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Blog 23: Virtual Tour of Crystal Palace in Hyde Park

Blog 23: Virtual Tour of Crystal Palace in Hyde Park

For the first time in 169 years, visitors can take a 360 tour around The Crystal Palace, the venue of the formidable 1851 Great Exhibition held in Hyde Park – but this time without leaving your home

Ledy Leyssen, Head of Learning at The Royal Parks, said: “The Great Exhibition opened on 1st May 1851 in London’s Hyde Park to showcase the arts, science and technology of the day, yet nothing remains of the structure now. So, 169 years later we’ve harnessed today’s technology to bring the Royal Parks’ heritage to life, uncovering the park’s past for everyone to enjoy, especially those who aren’t able to visit in person.”

Seymour & Lerhn invited organisations to put forward proposals for a virtual reality education resource. The Royal Parks, the charity which manages London’s eight Royal Parks, suggested ‘The Crystal Palace’ and was the winning entry. The prize was to partner with the virtual reality company, ‘Seymour & Lerhn’ and together they created the first virtual tour of the historic building, on location in Hyde Park.

Once you are inside the tour (link below) you can click on yellow dots on the map to view different virtual scenes of the Exhibition Hall.

The Royal Parks have collaborated with science presenter Fran Scott who discusses one of her great passions, the Great Exhibition, along with expert Angela Kenny, an archivist from the Royal Commission for the Exhibition of 1851 in a walk-through of the virtual tour of the extraordinary building, in a fascinating 30-minute documentary
Virtual depiction of Osler's crystal fountain

The building was regenerated digitally using The Royal Commission for the Exhibition of 1851’s archive of plans and images, as well as The Royal Parks’ historical documents such as old maps.

The Crystal Palace was a marvel of its time when it opened in Hyde Park on May 1st 1851, showcased to more than six million people. It was an enormous structure constructed from glass and cast iron, measuring around 563m by 138m, and 39m high. The giant building hosted the thousands of global exhibits of The Great Exhibition of the Works of Industry of All Nations, the brainchild of Queen Victoria’s husband, Prince Albert, to celebrate the industrial technology and design of the Victorian age.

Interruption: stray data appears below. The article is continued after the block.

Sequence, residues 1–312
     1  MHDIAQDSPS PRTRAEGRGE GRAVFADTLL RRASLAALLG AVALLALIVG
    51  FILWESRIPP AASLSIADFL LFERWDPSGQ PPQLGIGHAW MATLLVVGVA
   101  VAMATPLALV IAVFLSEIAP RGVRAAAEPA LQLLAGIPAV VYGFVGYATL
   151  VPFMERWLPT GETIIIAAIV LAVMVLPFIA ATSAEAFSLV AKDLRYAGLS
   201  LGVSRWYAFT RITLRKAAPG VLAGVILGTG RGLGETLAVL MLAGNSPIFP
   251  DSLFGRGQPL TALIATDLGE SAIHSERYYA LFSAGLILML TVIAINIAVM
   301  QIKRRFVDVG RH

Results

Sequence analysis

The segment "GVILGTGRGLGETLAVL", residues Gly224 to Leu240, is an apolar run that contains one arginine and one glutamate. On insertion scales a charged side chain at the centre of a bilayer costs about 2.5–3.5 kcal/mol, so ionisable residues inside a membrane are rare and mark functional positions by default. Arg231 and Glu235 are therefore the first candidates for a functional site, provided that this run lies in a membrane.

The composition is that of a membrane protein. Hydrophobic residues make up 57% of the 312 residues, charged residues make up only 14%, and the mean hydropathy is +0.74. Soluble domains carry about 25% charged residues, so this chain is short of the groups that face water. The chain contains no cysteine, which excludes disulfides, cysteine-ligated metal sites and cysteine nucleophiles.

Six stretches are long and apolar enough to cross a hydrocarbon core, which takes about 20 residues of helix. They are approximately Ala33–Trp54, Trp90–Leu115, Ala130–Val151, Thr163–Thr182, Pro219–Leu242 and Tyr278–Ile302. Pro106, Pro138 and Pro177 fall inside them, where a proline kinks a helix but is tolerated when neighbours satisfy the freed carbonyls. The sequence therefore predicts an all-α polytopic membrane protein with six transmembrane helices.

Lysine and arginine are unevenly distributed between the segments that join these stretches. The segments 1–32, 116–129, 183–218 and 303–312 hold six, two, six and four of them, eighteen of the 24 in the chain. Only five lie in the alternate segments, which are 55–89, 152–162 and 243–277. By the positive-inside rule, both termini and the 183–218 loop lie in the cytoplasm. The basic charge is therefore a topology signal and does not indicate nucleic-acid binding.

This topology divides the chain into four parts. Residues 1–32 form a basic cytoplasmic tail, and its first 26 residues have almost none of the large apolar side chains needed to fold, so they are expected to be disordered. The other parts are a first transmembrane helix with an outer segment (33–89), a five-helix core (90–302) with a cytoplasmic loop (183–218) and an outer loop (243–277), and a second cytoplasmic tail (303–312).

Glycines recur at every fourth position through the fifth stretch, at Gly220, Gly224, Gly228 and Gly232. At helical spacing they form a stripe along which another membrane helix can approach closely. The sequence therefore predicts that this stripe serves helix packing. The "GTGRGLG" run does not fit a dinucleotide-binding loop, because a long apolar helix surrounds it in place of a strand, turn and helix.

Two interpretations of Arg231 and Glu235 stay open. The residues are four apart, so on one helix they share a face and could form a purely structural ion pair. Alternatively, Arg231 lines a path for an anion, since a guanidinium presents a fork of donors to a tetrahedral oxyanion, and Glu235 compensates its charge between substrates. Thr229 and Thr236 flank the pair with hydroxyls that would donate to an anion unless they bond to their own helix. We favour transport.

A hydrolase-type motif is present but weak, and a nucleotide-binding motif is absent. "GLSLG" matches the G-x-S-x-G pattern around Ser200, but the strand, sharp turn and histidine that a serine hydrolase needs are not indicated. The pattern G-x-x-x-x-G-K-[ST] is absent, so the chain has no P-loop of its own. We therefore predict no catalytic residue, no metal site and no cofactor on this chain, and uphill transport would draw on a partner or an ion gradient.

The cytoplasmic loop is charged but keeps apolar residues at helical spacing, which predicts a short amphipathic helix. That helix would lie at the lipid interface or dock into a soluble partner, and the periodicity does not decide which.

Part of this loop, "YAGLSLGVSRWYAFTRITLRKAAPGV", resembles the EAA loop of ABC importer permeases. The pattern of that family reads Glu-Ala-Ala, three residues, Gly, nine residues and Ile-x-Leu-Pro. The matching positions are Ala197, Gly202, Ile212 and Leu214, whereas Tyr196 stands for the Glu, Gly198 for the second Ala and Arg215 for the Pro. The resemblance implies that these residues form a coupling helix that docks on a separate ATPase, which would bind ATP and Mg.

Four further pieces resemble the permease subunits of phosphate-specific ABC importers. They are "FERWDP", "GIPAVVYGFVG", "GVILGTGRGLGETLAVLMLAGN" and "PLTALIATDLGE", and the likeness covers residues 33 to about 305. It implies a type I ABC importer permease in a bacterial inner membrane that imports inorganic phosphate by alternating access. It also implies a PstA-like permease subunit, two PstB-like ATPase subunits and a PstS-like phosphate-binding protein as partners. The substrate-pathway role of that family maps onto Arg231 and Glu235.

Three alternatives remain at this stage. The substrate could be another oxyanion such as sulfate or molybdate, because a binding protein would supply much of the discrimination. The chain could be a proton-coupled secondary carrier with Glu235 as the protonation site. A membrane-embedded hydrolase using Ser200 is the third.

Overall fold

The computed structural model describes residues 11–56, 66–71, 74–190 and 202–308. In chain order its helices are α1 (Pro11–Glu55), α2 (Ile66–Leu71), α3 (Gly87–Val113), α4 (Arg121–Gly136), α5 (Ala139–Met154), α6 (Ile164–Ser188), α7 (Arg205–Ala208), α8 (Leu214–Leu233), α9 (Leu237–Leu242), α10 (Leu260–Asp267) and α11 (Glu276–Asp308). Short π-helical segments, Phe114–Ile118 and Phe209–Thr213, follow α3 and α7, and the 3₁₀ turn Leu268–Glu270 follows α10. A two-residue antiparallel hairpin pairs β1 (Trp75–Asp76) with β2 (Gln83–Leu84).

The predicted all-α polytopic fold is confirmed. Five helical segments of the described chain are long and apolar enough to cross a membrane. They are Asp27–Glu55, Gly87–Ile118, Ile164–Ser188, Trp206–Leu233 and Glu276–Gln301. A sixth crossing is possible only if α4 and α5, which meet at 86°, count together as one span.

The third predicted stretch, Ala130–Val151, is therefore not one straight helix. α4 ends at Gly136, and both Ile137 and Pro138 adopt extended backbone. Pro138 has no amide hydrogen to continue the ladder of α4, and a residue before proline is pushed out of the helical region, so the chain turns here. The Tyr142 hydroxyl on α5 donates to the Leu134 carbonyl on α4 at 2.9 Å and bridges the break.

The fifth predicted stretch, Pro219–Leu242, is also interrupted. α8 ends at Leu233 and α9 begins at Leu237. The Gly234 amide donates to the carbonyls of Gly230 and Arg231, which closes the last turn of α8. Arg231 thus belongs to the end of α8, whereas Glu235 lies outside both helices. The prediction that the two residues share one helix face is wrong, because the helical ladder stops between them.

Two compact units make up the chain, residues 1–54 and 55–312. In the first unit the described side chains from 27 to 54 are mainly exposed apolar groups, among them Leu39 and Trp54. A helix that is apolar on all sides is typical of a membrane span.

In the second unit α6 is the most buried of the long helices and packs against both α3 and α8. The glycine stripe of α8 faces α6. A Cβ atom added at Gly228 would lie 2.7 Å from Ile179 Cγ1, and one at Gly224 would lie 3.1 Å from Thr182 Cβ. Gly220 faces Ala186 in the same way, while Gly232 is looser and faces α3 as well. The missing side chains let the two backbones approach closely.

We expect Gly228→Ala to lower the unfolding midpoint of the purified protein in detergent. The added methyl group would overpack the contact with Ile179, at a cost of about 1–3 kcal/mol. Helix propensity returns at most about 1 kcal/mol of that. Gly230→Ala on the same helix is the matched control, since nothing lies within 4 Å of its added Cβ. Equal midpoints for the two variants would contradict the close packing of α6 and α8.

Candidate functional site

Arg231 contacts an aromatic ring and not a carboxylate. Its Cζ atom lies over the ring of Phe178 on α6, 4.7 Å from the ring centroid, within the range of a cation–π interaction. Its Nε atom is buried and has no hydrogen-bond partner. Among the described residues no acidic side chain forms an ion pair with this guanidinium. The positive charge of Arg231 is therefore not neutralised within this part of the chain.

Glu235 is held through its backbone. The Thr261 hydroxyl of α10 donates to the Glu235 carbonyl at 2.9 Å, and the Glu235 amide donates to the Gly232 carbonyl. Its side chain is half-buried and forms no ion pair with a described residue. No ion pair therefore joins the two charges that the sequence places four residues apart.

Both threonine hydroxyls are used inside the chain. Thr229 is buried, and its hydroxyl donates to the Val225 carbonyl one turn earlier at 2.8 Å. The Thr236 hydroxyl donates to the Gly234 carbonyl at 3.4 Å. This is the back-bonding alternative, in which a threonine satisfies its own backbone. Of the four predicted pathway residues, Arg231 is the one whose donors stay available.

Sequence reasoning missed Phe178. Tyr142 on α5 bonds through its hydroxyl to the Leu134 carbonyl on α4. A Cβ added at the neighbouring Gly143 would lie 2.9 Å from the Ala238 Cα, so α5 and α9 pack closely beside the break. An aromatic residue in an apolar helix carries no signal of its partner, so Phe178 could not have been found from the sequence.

!/perch/resources/blog-23d-w420.png(The Indian exhibit with a stuffed elephant (Dickenson print))!

Now, 169 years since the exhibition opened, visitors can step back in time and explore the building once again, using their phone, tablet or PC. A combination of CGI and 360 photography which overlays the historic building onto the present-day site, allows visitors to switch between then and now. Users can marvel at the huge scale of the site. People can discover intriguing stories as they navigate: you can find out about the first ever public toilets and the lady who walked from Cornwall to attend, becoming a celebrity in the process.

The Royal Parks will seek funding to further develop the project by populating The Crystal Palace with the artifacts of The Great Exhibition.
German exhibit

Charlie Power, Head Honcho, Seymour & Lerhn, said: “The Great Exhibition of 1851 ‘Crystal Palace’ was a truly incredible feat of engineering, and we’re delighted to see it brought to life on its 169th anniversary! With the lockdown continuing, the virtual tour offers a unique way for people to ‘get out of the house’ and explore the history hidden within Hyde Park – all without actually having to leave their homes.”

There is an excellent YouTube link lasting 30 minutes guiding you around The Exhibition Hall with accompanying interesting historical detail:

Guide around Exhibition Hall

The Royal Parks’ web site allows you to access the tour free and enjoy the footage of the tour:

Great Exhibition Virtual Tour from Royal Parks

For many weeks the blogs were written for us by technical officers, Russell Stevens (Kensington Gardens) and Patrick Markey Bell (Hyde Park). They chose their subjects, did the research and sometimes took the photos. Gradually the blogs have become more and more sophisticated as our membership secretary, Lynden Easton, has managed to improve the layout and include more photos.

Sue Price

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